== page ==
Otherworld, named one of the "World's Coolest Places" by TIME Magazine in 2019, has been wowing visitors with its stunning and surreal landscapes, spanning 32,000 square feet and featuring more than 40 scenes of large-scale art and mixed reality playgrounds. If you loved the exhibit, try immersing yourself is these other experiences throughout Columbus!

Interactive colorful LED light installation inside Otherworld exhibit


Explore Aminah Robinson’s Work at the Columbus Museum of Art

Through October 3 the Columbus Museum of Art is featuring an exhibition covering 70 years of the beloved artist’s work. Get to know her artwork, illustrations, journals, home furnishings, and even photos of her home – recently converted into an artists’ residence. Throughout the exhibition, the museum is also hosting a variety of artist talks, lectures, and festivals connecting to Robinson and her impact on the art world.

Art piece-Mt. Vernon Avenue, South Side of Street


Visit the Hot Shop Glass-Blowing Studio at Franklin Park Conservatory

While you’re exploring the Conservatory’s lush landscapes, stunning collections of Chihuly glass, and exhibitions featuring the work of local and national artists, pay a visit to the in-house glass studio. Local artists demonstrate their work at the Hot Shop, where you can also sign up for classes in blowing your own ornaments, pumpkins and vessels.

Man blows glass at Franklin Park Conservatory


Discover Local Eats on a Columbus Food Adventures Tour

The city-favorite tour company introduces you to Columbus’ best restaurants, bakeries, markets and breweries through walking and van tours. Gather your crew and purchase tickets to the long-running taco truck tour, the popular Short North food tour, the history-heavy Brewery District walking tour, and others.

Columbus Food Adventures


Go Public Art Hunting

Download the Cbus ArtWalks app or visit ColumbusMakesArt.com/public-art and seek out the growing collections of murals, sculptures, and installations around Columbus. Look for high-density areas like the Short North Arts District, Easton Town Center, around 934 Gallery in Milo-Grogan, or the heart of the Franklinton Arts District to see multiple pieces at once.

Easton Bike Mural


Step Back in Time at the Kelton House

First built in 1852, this historic property downtown was once a stop on the Underground Railroad. Explore the Kelton House to see a prime example of Victorian-era architecture, original furnishings, and wonderfully preserved gardens. Have a true immersive experience by participating in the Sophia's Secret experiential tour for an understanding of what life was like as a stop on the Underground Railroad.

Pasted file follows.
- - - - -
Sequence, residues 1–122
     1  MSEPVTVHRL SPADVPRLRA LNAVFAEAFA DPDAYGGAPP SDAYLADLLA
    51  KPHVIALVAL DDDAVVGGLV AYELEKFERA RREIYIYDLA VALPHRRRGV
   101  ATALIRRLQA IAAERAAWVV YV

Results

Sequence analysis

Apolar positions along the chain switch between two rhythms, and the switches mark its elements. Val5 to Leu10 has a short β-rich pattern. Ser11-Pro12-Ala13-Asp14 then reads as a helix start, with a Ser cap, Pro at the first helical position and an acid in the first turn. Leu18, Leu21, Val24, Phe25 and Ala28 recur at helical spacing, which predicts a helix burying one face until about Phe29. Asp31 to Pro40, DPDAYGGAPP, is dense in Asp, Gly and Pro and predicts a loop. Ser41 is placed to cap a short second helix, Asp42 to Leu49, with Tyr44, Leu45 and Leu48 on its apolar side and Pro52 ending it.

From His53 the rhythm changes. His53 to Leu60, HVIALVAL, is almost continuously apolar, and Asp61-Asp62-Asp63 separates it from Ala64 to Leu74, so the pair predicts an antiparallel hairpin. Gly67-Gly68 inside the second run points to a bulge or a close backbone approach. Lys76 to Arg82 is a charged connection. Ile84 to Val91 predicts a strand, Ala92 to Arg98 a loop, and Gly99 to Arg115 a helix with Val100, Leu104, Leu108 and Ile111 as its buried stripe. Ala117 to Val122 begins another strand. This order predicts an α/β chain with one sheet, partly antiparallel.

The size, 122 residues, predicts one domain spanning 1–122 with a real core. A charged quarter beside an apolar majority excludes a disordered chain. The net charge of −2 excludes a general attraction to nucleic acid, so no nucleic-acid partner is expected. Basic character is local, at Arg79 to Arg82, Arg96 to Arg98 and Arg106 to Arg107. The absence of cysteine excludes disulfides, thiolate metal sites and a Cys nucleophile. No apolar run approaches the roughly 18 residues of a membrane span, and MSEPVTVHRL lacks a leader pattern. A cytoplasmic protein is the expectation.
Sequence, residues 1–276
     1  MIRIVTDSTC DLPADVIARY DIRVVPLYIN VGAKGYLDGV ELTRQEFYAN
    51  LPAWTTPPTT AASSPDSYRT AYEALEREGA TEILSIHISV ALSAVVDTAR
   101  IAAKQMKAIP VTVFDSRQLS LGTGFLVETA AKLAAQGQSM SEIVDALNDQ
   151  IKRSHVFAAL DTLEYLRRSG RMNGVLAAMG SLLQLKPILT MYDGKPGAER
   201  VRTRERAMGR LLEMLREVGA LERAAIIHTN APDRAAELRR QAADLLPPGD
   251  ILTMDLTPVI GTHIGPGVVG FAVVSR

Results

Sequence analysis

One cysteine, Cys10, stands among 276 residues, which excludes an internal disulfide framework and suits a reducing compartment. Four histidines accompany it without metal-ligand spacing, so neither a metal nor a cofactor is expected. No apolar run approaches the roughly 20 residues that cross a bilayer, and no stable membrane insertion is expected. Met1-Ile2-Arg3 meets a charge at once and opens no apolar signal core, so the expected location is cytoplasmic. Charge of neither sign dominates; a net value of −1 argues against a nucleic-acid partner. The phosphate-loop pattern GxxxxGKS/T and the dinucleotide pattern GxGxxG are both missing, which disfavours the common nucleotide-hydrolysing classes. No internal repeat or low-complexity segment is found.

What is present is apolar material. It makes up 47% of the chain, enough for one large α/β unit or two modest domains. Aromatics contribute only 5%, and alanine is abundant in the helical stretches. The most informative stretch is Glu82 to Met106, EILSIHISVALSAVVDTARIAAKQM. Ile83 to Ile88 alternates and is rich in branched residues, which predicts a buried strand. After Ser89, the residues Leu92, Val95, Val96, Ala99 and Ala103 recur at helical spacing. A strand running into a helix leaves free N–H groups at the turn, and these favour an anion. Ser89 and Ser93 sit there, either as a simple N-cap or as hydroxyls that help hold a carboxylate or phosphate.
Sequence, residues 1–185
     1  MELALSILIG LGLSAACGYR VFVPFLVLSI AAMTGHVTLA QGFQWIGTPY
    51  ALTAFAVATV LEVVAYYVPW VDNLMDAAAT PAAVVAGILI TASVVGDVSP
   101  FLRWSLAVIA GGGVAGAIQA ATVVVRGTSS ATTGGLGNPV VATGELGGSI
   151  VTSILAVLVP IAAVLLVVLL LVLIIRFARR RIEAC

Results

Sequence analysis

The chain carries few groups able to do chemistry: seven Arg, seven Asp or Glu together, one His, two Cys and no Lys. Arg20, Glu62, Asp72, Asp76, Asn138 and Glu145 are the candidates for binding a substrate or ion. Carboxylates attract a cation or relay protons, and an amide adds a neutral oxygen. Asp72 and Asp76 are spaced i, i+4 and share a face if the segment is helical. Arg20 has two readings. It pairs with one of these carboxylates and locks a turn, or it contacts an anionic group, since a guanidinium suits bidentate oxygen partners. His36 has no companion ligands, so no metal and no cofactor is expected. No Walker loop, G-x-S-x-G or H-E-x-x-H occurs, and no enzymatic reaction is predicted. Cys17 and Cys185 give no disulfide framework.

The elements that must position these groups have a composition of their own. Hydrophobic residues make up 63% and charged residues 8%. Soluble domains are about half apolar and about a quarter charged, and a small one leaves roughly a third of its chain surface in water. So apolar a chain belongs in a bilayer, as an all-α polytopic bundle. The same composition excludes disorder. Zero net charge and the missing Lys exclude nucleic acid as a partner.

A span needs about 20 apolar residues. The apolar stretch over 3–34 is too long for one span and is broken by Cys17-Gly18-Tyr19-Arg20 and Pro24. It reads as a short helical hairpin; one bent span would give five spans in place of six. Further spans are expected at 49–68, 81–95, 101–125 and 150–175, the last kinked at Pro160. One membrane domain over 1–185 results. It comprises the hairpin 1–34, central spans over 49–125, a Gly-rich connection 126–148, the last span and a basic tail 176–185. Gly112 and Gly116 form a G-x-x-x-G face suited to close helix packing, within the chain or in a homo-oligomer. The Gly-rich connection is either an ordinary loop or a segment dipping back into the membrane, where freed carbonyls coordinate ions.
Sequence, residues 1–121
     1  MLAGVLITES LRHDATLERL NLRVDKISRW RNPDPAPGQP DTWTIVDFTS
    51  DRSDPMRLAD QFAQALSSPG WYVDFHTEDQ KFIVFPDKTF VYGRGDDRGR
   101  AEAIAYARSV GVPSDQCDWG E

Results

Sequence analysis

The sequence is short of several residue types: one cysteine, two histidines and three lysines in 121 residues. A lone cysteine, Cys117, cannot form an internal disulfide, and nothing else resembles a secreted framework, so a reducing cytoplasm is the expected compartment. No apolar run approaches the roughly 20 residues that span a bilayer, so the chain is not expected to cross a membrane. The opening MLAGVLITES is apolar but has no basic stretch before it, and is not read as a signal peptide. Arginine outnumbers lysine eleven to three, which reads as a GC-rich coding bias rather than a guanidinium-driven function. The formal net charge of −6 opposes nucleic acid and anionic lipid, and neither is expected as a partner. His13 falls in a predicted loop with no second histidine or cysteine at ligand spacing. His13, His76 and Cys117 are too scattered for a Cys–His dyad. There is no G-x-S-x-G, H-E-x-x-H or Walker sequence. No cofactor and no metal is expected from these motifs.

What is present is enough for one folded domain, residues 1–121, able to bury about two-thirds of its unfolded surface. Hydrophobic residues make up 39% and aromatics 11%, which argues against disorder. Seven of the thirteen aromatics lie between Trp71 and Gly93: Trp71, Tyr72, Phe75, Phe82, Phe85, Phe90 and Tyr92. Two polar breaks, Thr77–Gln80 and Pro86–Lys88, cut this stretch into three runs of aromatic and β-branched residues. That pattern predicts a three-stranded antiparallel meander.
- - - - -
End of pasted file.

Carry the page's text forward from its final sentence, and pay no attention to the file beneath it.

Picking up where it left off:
Experiential Tour "Sophia's Secret" tells of life on the Underground Railroad at the Kelton House


Attend an Arts Hop

Multiple neighborhoods in Columbus feature exciting arts hops that invite you to explore local galleries and studio spaces, hit up a favorite restaurant or bar, and enjoy a night out with friends. Gallery Hop brings the excitement to the Short North Arts District the first Saturday of every month. That same night, 3060 Gallery on West Broad Street welcomes you to the Hilltop Art Hop. Franklinton Fridays is the second Friday of every month, focused around 400 Square in the heart of the district.

Franklinton Art


Have Lunch in a Market or Food Hall

The city is welcoming a growing number of markets and food halls. These community spaces offer guests the opportunity to try multiple food and drink vendors all at once. Shop for flowers or produce, then stay for everything from Southern cuisine to dumplings, pizza to Mediterranean treats, Vietnamese pho to lobster rolls, and everything in-between. The North Market downtown remains a favorite of residents and visitors alike, while the new North Market Bridge Park has introduced new and returning vendors to a growing Dublin neighborhood. The Budd Dairy Food Hall in Italian Village features 10 different vendors, two bars, and a rooftop patio. The forthcoming Bubbly Hall in New Albany has also dedicated 15,000 square feet to house local food and drink vendors.

Signs lead the way for various restaurants inside Budd Dairy Food Hall